11. Jakee, Keith & Sun, Guang-Zhen, 2005. "External habit formation and dependency in the welfare state," European Journal of Political Economy, Elsevier, vol. 21(1), pages 83-98, March.
    12. Thomas Eichner & Andreas Wagener, 2002. "Increases in Risk and the Welfare State," CESifo Working Paper Series 685, CESifo.
    13. Didier Blanchet, 1996. "La référence assurantielle en matière de protection sociale : apports et limites," Économie et Statistique, Programme National Persée, vol. 291(1), pages 33-45.
    14. Konrad, Kai A., 1999. "Privacy, time consistent optimal labor income taxation and education policy," IZA Discussion Papers 82, Institute of Labor Economics (IZA).
    15. Matti Tuomala & Hannu Tanninen, 2005. "Inherent Inequality and the Extent of Redistribution in OECD Countries," ifo DICE Report, ifo Institute - Leibniz Institute for Economic Research at the University of Munich, vol. 3(01), pages 48-53, April.
    16. Niko Gobbin & Glenn Rayp, 2008. "Different ways of looking at old issues: a time-series approach to inequality and growth," Applied Economics, Taylor & Francis Journals, vol. 40(7), pages 885-895.
    17. Blomquist, Soren & Christiansen, Vidar, 1999. "The political economy of publicly provided private goods," Journal of Public Economics, Elsevier, vol. 73(1), pages 31-54, July.
    18. Niehues, Judith, 2010. "Social Spending Generosity and Income Inequality: A Dynamic Panel Approach," IZA Discussion Papers 5178, Institute of Labor Economics (IZA).
    19. Heblich, Stephan, 2007. "Eigenverantwortliche Individuen und Pro-Aktive Unternehmen," Passauer Diskussionspapiere, Volkswirtschaftliche Reihe V-48-07, University of Passau, Faculty of Business and Economics.
    20. Pekka Ilmakunnas & Vesa Kanniainen & Uki Lammi, "undated". "Entrepreneurship, Economic Risks, and Risk-Insurance in the Welfare State," EPRU Working Paper Series 99-03, Economic Policy Research Unit (EPRU), University of Copenhagen. Department of Economics.

    More about this item

    JEL classification:

    • H2 - Public Economics - - Taxation, Subsidies, and Revenue

    Statistics

    Access and download statistics

    Corrections

    All material on this site has been provided by the respective publishers and authors. You can help correct errors and omissions. When requesting a correction, please mention this item's handle: RePEc:nbr:nberwo:5335. See general information about how to correct material in RePEc.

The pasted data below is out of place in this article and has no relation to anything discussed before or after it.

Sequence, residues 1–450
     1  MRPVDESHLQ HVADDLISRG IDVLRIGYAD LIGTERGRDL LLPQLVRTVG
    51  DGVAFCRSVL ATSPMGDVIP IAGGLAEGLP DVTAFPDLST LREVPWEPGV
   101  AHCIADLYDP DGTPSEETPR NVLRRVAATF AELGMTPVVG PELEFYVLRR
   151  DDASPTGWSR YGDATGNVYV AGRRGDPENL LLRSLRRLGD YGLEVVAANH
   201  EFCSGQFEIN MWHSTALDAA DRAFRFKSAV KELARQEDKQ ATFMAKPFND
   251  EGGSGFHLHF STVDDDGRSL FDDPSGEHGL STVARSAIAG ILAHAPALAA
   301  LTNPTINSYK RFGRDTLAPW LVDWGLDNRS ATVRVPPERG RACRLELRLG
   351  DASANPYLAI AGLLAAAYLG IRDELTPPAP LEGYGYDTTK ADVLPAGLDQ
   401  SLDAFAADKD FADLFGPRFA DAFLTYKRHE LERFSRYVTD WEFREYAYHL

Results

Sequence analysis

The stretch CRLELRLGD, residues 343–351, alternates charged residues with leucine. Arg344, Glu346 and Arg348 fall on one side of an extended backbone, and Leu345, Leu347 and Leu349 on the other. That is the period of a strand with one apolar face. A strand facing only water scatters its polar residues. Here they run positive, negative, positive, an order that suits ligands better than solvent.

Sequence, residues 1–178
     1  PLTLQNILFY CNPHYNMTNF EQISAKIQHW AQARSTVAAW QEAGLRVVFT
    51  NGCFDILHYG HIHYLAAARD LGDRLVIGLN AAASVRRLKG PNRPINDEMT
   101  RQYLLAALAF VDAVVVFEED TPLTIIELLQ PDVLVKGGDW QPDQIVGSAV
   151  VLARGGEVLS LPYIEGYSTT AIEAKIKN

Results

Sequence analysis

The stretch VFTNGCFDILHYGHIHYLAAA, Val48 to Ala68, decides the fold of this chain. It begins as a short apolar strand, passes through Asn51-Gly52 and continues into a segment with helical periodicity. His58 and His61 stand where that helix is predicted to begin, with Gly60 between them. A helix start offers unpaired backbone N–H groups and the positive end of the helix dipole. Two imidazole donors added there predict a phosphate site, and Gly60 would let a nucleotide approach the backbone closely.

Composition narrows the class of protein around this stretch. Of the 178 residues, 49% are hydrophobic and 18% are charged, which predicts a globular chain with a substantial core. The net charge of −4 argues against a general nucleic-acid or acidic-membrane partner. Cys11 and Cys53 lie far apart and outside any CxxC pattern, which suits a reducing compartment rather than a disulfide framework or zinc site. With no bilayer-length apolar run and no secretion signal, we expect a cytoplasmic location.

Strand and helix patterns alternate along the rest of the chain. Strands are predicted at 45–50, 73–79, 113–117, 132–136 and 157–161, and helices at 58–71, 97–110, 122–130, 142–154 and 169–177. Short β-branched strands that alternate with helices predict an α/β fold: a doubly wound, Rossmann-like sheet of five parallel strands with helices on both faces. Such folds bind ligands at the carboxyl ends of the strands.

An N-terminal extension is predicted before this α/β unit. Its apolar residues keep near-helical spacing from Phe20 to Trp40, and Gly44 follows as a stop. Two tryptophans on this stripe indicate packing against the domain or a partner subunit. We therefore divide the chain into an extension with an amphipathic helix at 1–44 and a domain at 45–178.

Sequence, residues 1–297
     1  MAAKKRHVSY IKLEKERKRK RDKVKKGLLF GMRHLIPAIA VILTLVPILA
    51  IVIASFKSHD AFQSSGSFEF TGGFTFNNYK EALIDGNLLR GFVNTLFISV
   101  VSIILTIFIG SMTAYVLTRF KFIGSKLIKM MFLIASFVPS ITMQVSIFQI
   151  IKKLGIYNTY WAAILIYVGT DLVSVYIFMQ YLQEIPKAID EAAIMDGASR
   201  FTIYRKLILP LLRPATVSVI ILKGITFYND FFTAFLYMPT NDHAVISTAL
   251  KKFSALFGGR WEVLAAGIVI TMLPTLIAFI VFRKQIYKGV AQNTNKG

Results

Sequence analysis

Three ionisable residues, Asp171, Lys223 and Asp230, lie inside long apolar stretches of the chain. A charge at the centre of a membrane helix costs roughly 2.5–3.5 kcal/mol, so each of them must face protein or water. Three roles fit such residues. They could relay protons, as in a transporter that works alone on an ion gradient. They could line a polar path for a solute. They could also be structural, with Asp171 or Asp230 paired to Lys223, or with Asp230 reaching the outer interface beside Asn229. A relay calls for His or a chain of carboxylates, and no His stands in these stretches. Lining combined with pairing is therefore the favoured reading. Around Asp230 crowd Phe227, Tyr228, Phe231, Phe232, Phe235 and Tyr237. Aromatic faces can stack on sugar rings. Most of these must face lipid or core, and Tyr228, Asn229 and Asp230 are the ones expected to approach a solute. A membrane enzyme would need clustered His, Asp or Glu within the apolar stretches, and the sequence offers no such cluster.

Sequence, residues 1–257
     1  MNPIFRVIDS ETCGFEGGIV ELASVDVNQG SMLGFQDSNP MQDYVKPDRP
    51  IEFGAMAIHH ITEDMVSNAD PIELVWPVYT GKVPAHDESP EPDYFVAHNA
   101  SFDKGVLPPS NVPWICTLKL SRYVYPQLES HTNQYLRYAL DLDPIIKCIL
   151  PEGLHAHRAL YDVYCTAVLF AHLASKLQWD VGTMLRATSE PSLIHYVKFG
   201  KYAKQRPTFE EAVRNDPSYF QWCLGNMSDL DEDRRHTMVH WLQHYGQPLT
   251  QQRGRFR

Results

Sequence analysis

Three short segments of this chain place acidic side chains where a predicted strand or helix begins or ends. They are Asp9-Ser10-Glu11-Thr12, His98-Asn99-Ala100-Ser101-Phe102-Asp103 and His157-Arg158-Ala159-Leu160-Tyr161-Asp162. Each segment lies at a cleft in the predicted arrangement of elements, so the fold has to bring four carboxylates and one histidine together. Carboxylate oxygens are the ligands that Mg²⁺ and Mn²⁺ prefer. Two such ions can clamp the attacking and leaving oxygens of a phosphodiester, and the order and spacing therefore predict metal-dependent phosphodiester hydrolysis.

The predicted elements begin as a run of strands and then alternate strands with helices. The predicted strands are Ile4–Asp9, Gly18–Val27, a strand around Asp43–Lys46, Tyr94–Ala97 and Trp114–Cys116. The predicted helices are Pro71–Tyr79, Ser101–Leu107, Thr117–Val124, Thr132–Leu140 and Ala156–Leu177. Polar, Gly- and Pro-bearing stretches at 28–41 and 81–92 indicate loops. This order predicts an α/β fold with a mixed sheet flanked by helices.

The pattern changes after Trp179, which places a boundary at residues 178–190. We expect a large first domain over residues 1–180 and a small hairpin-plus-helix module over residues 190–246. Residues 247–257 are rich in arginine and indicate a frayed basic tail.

For technical questions regarding this item, or to correct its authors, title, abstract, bibliographic or download information, contact: . General contact details of provider: https://edirc.repec.org/data/nberrus.html .

    If you have authored this item and are not yet registered with RePEc, we encourage you to do it here. This allows to link your profile to this item. It also allows you to accept potential citations to this item that we are uncertain about.

    If CitEc recognized a bibliographic reference but did not link an item in RePEc to it, you can help with this form .

    If you know of missing items citing this one, you can help us creating those links by adding the relevant references in the same way as above, for each refering item. If you are a registered author of this item, you may also want to check the "citations" tab in your RePEc Author Service profile, as there may be some citations waiting for confirmation.

    For technical questions regarding this item, or to correct its authors, title, abstract, bibliographic or download information, contact: (email available below). General contact details of provider: https://edirc.repec.org/data/nberrus.html .

    Please note that corrections may take a couple of weeks to filter through the various RePEc services.

    IDEAS is a RePEc service hosted by the Research Division of the Federal Reserve Bank of St. Louis . RePEc uses bibliographic data supplied by the respective publishers.